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Lucara’s new Clara platform could revolutionise the way diamond miners take their product to market

New technology could transform the way the diamond industry markets and sells stones
Lucara’s new Clara platform could revolutionise the way diamond miners take their product to market
Small to medium-sized diamonds will be matched with buyers using blockchain and other technologies

It’s called Clara, and it’s a technological tool that could open up the diamond industry to new efficiencies and greater profits. Still at a relatively early stage, Clara has just been acquired by Lucara Diamond Corp (TSE:LUC), the established mid-tier producer chaired by Lukas Lundin and now headed up by Eira Thomas, two names to conjure with in terms of success and innovation in the resources industry.

Lucara itself already has something of a track record of innovation in the manner in which it goes about diamond mining, having pioneered the use of XRT and autogenous milling at its Karowe mine in Botswana.

WATCH: Lucara's blockchain platform Clara will modernise rough diamond market, says its new chief executive

This mine has underpinned Lucara for some years now, yielding several exceptional stones and likely to produce between 270,000 and 290,000 carats in total this year.

But it’s in the quest for expansion that Lucara has turned to the Clara platform. The company remains on the lookout for high quality diamond projects, but in the meantime, reckons that there is a place for Clara as a disrupter and a driver of efficiencies as far as sales to cutters and polishers go.

“Fundamentally the diamond industry hasn’t changed its approach since the start of the digital age,” says Eira Thomas.

“With Clara we have the opportunity to use technology to change the value proposition. And this isn’t just about driving efficiencies for the producers. It’s also about the manufacturers.”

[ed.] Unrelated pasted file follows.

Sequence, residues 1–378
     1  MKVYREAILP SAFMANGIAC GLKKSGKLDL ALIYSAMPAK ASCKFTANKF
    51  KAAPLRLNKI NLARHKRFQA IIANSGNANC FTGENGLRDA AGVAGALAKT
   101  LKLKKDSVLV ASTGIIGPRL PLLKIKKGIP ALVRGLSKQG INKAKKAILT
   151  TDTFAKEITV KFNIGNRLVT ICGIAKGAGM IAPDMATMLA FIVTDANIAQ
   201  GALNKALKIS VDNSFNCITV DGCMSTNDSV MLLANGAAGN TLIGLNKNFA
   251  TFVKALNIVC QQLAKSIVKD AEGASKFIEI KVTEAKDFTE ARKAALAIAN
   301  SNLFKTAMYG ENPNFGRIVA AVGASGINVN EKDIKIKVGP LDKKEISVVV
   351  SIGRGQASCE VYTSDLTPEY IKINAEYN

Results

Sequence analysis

The proposition itself is simple enough. The Clara platform aims to match up a willing buyer to a willing seller for each individual stone. If that sounds obvious enough, consider that in diamonds, sales are hardly ever transacted in this manner, with the notable exception of the very large stones.

Instead what normally happens is that parcels of stones are put out to tender, and buyers have to accept a certain amount of goods that don’t meet their specific requirements in order to secure the stones that do.

With Clara, that way of operating will be done away with, at least as far as stones in the one-to-15 carat range are concerned.

This range, says Thomas, represents a big part of the value chain, although it may not necessarily be a correspondingly large part of the carats produced by the industry overall. There are still the smaller stones, and of course the very large stones of the type Karowe throws up now and again.

But it’s in the middle of the range where the stones are of a good enough quality to be matched with the specific requirements of a buyer that Clara finds its niche.

READ: Lucara turns to blockchain with Clara acquisition

How does it work? That would be telling. But what Thomas will say is that it uses a combination of “proprietary analytics, cloud and blockchain technologies.”

She should know, because as well as settling in to her new role as chief executive of Lucara, she doubles up as one of the founders of Clara. And close followers of the diamond industry will know that her pedigree as a pioneer and investor stretches a long way further back than that, in particular as chief executive of Stornoway Diamonds and as vice-president of Aber.